'Aquablation' May Relieve BPH Symptoms
Use of high-velocity saline streams show promise in a small, first-in-man study.
Aquablation, the use of high-velocity saline streams to ablate tissue, may offer a new option for the treatment of lower urinary tract symptoms (LUTS) secondary to benign prostatic hyperplasia (BPH), according to the results of a small, prospective, first-in-man study.
In a non-randomized trial, Peter Gilling, MD, and colleagues at Tauranga Hospital, Tauranga, New Zealand, tested the minimally invasive treatment, which combines image guidance and robotics for the targeted and heat-free removal of prostatic tissue, in 15 men with moderate-to-severe LUTS. Patients received the treatment under general anesthesia. The investigators evaluated patients at 1, 3, and 6 months following aquablation with the AquaBeam system (Procept BioRobotics, of Redwood Shores, Calif).
The mean procedural time was 48 minutes, with a mean aquablation treatment time of 8 minutes. All procedures were technically successful, with no serious or unexpected adverse events (AEs), the investigators reported online ahead of print in BJU International. All patients except one had removal of catheter on day 1, and most patients were discharged on the first postoperative day. No patient required a blood transfusion. The researchers observed no serious 30-day AEs. One patient had a second aquablation treatment within 90 days of the first procedure. The mean International Prostate Symptom Score improved significantly from 23 at baseline to 8.6 at 6 months, Dr. Gilling's group reported. The maximal urinary flow rate (Qmax) increased from 8.6 mL/sec at baseline to 18.6 mL/sec at 6 months.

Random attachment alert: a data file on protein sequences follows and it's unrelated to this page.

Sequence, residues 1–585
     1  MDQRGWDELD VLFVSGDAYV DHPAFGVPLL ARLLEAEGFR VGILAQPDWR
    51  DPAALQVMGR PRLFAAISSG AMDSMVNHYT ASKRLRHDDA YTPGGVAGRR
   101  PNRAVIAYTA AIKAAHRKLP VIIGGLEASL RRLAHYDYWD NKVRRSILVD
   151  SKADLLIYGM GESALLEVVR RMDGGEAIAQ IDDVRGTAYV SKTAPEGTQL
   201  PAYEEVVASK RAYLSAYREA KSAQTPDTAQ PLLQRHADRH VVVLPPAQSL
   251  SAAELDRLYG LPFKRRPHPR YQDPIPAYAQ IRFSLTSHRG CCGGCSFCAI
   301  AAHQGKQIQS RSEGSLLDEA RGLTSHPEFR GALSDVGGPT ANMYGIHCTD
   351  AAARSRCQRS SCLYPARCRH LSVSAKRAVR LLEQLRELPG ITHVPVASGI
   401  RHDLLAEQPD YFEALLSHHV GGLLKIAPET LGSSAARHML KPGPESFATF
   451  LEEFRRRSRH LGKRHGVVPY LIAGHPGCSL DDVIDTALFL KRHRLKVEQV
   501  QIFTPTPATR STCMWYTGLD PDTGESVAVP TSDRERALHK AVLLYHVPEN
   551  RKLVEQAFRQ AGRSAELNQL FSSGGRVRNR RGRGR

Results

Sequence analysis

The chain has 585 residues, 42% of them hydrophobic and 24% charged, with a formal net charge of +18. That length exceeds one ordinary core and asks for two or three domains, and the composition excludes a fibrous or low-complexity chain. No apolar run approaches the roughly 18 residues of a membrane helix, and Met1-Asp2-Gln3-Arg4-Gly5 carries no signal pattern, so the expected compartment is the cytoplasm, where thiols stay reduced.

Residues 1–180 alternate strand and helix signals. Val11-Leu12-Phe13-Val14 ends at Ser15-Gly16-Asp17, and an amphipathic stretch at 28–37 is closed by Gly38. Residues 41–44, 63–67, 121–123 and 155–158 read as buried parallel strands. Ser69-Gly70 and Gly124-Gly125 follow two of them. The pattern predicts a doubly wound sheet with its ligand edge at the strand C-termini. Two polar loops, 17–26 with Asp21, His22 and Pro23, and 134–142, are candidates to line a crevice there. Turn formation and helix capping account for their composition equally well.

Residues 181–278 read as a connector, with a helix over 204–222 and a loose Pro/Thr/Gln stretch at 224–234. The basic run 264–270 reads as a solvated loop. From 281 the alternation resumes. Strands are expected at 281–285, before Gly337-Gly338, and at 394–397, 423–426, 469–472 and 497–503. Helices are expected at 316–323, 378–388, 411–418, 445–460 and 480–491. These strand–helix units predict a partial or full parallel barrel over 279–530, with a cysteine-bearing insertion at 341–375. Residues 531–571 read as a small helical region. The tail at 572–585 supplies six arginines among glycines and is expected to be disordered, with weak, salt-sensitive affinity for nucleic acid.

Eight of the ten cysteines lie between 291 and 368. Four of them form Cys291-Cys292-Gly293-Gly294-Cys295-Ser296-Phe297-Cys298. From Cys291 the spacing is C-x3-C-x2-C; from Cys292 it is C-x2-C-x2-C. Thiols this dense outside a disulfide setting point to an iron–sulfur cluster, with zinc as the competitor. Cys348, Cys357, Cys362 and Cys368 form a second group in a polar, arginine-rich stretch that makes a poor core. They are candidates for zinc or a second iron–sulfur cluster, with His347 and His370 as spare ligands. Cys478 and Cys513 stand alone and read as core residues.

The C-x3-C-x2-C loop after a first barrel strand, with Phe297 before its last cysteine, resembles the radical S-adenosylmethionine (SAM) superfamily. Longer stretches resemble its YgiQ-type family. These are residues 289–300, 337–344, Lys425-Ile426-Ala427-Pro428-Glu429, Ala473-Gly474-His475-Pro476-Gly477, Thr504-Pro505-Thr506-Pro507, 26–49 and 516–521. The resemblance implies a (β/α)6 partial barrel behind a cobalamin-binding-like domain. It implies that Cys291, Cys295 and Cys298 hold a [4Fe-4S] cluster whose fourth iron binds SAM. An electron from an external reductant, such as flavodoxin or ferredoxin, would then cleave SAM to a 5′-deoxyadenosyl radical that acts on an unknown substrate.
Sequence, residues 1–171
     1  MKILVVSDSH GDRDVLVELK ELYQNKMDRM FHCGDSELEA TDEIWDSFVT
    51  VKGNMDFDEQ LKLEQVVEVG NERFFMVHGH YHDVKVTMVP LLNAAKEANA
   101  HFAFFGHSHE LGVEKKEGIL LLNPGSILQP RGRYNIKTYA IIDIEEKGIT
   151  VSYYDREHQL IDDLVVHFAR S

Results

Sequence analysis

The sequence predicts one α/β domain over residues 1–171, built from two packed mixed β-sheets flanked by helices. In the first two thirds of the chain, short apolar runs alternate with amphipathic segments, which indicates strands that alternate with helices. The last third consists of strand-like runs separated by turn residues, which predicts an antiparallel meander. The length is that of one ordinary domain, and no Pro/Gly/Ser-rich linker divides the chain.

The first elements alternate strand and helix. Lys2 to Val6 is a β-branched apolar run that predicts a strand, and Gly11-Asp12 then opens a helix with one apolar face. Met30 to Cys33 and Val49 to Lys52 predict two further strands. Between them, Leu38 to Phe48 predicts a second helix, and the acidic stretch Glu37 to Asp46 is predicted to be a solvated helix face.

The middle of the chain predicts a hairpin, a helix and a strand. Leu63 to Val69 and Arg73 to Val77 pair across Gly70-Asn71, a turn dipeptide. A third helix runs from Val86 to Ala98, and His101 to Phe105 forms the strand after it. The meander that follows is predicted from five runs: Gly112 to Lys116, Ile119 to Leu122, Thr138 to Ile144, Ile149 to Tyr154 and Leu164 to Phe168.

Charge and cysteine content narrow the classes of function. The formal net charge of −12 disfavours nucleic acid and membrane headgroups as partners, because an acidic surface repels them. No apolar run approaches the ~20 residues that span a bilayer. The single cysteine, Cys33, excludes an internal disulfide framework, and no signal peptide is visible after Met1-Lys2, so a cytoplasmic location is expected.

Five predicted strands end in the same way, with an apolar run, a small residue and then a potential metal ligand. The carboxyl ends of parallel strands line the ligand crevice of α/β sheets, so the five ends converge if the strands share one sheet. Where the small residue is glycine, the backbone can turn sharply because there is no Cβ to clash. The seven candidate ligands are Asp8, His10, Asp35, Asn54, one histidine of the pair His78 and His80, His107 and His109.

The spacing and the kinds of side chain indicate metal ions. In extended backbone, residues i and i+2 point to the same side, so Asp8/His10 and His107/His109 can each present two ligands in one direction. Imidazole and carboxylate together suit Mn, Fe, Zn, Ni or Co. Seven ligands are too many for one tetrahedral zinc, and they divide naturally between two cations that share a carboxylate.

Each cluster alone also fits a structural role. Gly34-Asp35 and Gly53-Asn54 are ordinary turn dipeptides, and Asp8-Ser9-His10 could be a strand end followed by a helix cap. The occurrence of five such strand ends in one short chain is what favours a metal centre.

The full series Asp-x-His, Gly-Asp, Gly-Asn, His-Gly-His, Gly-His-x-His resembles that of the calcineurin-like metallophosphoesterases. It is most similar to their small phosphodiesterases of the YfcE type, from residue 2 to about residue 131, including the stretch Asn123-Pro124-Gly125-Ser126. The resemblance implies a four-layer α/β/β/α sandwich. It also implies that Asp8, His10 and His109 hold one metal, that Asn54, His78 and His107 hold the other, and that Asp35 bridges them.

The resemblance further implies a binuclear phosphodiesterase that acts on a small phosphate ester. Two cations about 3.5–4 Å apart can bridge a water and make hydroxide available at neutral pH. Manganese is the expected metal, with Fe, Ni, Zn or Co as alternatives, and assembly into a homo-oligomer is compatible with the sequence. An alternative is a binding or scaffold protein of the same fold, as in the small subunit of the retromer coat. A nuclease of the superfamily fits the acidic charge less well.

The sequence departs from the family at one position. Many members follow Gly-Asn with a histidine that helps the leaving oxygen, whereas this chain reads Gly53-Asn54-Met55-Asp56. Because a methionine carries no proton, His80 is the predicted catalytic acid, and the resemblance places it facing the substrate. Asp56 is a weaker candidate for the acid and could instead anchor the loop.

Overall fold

In addition, the mean detrusor pressure at Qmax decreased significantly from 66 cm H2O at baseline to 45 cm H2O at 6 months. The mean prostate size at 6 months had decreased by 31% compared with baseline. No cases of erectile dysfunction or urinary incontinence were reported.
“The study confirms that aquablation is a safe and feasible treatment for patients with LUTS due to BPH,” the authors wrote. “The reported AEs were similar to those seen after other minimally invasive procedures, and the risk profile appears appropriate for a BPH therapy. In addition, the improvement in symptoms and urodynamic measures are comparable to those seen with other BPH surgical interventions.”